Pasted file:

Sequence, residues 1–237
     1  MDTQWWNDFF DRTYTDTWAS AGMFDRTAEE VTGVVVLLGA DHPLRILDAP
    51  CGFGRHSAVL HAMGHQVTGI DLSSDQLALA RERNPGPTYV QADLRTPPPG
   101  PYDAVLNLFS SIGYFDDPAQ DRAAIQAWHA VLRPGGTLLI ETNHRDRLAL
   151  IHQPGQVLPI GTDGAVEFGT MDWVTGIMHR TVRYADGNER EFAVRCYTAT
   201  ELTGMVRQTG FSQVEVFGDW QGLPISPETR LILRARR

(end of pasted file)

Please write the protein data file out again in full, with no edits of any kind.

Sequence, residues 1–237
     1  MDTQWWNDFF DRTYTDTWAS AGMFDRTAEE VTGVVVLLGA DHPLRILDAP
    51  CGFGRHSAVL HAMGHQVTGI DLSSDQLALA RERNPGPTYV QADLRTPPPG
   101  PYDAVLNLFS SIGYFDDPAQ DRAAIQAWHA VLRPGGTLLI ETNHRDRLAL
   151  IHQPGQVLPI GTDGAVEFGT MDWVTGIMHR TVRYADGNER EFAVRCYTAT
   201  ELTGMVRQTG FSQVEVFGDW QGLPISPETR LILRARR